We concentrate on addressing the second stage, covering the fundamental distributed system problems using middleware technology. We briefly cover the first stage materials, before providing in-depth analysis of some of the issues in distributed system development.

Ian Gorton is research leader, division of technology, Commonwealth Science and Industrial Research Organization, in Sydney, Australia. Dr. Gorton has commercial and research experience in designing and building complex, high-performance distributed systems, and currently manages two industry-based collaborative research projects in distributed multimedia systems and CSCW. He is involved in several others in the United Kingdom and Australia, and maintains research contacts throughout Australia and Europe.

Innes Jelly is on the faculty of Sheffield Hallam University, a reader for the School of Computing and Management Sciences, and deputy director, Computing Research Centre. Dr. Jelly's research is in development methodologies for parallel and distributed systems, parallel databases, and hardware/software co­design. I.E.


Tutorial 4: 1 p. m. - 4 p. m.
by Upkar Varshney

Intended for researchers, programmers, developers, managers, graduate students or anyone interested in mastering mobile computing concepts for their career growth.

The trend toward increasing use of small portable computers has been termed Mobile Computing, which really implies that a user may not maintain a fixed position in the network. However, the mobile user still expects an uninterrupted network access and the ability to run some networked applications. A mobile user is typically provided a wireless interface to communicate with other fixed and mobile users.

A mobile computing environment raises many interesting issues such as how to route packets; how to guarantee an application running on such a mobile host with a certain quality of service (QoS); which transport protocol to be used on top of a Mobile Host; how to deal with poor error rate of wireless links. To support continued transfer of packets between two users (when at least one of them is a mobile user), two major approaches can be considered:

1) Mobile IP (Internet Protocol) is based on current IP and does not eequire any additional layer of protocol in TCP/IP suite.

2) Wireless ATM is another approach to support mobile computing.

In this tutorial, we discuss the challenges posed by mobile computing and possible solutions to those challenges.

Upkar Varshney is an assistant professor at Washburn University, Topeka, KS. His research interests include wireless ATM, mobile computing and transport protocols. Prior to joining the faculty at Washburn in 1994, he was a research associate at the Center for Telecomputing Research, University of Missouri-Kansas City. Professor Varshney is the designer of a Networking Program at Washburn and has written over 15 journal, magazine and conference papers. He is a member of IEEE, Communications and Computer Societies and its TC on Multimedia Communications, and ACM.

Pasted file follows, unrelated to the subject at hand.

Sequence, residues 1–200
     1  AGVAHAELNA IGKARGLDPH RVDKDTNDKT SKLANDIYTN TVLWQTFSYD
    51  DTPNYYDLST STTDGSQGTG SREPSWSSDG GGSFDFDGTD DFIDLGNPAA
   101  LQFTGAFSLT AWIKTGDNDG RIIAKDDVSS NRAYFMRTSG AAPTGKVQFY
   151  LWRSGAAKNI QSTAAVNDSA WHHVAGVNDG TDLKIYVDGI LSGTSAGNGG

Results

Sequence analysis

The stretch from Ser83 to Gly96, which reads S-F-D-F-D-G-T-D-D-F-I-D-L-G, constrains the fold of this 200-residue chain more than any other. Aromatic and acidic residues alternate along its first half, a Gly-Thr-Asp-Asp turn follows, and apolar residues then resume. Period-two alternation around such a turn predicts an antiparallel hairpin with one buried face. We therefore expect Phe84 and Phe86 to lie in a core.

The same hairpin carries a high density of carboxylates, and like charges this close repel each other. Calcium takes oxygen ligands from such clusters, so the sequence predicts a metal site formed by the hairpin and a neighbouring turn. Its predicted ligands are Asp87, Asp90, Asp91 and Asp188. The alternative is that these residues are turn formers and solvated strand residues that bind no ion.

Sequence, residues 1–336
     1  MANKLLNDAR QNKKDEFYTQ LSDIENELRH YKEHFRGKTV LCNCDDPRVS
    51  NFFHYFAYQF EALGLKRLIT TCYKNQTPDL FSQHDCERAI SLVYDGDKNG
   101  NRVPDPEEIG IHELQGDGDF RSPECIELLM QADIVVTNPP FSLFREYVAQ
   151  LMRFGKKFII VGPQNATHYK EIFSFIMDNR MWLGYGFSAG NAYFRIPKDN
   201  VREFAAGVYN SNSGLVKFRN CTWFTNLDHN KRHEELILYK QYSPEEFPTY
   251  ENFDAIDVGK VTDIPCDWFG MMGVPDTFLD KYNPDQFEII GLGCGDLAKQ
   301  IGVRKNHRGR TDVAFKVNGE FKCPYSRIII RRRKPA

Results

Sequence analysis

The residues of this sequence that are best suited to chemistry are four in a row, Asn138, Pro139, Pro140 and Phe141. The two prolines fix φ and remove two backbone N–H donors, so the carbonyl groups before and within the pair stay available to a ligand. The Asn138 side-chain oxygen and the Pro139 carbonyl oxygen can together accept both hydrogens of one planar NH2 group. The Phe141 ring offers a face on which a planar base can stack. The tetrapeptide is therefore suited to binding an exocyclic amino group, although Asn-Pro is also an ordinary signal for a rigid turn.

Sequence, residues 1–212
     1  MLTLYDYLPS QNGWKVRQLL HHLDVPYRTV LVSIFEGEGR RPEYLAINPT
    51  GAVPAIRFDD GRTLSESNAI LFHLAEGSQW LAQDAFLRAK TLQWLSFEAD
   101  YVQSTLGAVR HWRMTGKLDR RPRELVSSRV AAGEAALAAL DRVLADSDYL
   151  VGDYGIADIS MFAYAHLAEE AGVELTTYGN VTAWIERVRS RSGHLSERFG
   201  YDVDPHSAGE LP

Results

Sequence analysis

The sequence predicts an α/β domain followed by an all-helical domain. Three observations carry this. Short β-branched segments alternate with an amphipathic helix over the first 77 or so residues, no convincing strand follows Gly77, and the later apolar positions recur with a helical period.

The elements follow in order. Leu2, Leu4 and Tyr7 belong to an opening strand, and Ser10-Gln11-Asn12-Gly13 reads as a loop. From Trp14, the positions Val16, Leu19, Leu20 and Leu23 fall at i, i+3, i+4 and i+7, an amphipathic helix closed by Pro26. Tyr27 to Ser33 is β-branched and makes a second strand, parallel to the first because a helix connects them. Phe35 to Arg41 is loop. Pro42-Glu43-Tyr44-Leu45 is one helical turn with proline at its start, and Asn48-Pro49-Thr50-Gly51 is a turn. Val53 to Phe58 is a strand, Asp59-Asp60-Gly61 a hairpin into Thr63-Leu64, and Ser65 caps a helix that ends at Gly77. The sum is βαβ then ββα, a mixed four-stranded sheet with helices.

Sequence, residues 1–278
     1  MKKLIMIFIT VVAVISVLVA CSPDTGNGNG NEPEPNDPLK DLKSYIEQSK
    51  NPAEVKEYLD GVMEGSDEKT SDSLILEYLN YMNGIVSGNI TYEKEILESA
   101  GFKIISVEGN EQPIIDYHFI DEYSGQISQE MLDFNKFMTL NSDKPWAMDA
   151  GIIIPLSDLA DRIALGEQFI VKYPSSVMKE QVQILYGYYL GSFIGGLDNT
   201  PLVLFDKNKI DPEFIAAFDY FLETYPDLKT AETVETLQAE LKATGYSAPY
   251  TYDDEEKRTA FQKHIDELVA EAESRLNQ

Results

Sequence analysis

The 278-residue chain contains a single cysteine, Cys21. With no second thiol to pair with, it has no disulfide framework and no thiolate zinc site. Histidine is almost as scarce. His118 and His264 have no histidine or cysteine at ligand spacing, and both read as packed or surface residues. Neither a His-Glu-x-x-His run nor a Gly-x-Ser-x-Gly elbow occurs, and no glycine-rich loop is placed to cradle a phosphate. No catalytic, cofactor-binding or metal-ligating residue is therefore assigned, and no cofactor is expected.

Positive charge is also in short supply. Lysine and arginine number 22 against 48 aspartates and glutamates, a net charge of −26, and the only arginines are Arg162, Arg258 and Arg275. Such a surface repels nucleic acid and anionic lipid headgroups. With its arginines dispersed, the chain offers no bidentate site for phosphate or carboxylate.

Tutorial 5: 9 a. m. Full Day
by Jelica Protic, Milo Tomasevic, and Veljko Milutinovic

Please see our survey/review paper in the Summer 1996 issue of the IEEE Parallel and Distributed Technology magazine. This is an updated version.

The tutorial will consist of a) an introduction to DSM concepts and algorithms (distributed shared memory coherence problem, global overview); b) relevant classification criteria in the field (according to the type of DSM implementation, DSM management, and DSM algorithm); c) relevant classification parameters (layout of shared data, granularity, consistency mode, interconnection network, cache configuration), and d) DSM algorithms (SRSW, MRSW, and MRMW). Special emphasis is devoted to memory consistency models (sequential, processor, weak, release, leasy release, entry, aurc, scope, etc.) and their implementations. Also included are DSM implementations on the hardware level (basic concepts, examples: DASH, SCI, KSR1, DDM, Memnet, RMS, etc.); DSM implementations on the software level (basic concepts, examples: Ivy, Munin, Mirage, Amber, Linda, TreadMarks, etc.); DSM hybrid approach (basic concepts, examples: PLUS, Paradigm, Lynx/Galactica Net, LimitLESS Directories, Flash, Shrimp, etc.); evaluation of DSM coherence schemes (analytic and simulation methods, real and synthetic workloads, comparison of hardware and software schemes),; and state-of-the-art research at leading universities (Stanford, Princeton, etc.), or industry (STiNG, DEC, etc.).

Jelica Protic is now working towards her Ph.D. in the field of distributed shared memory (final stages). Her general field of interest covers various issues of importance in multiprocessor and multicomputer systems, computer architecture and performance evaluation in general. She is heavily involved in both academic research and industrial development, and worked on several projects related to distributed systems implementations.

Milo Tomasevic is with the University of Belgrade. He is involved in several large research projects in the area of cache memory and related issues. Current research interests cover computer architecture and distributed shared memory multiprocessor systems.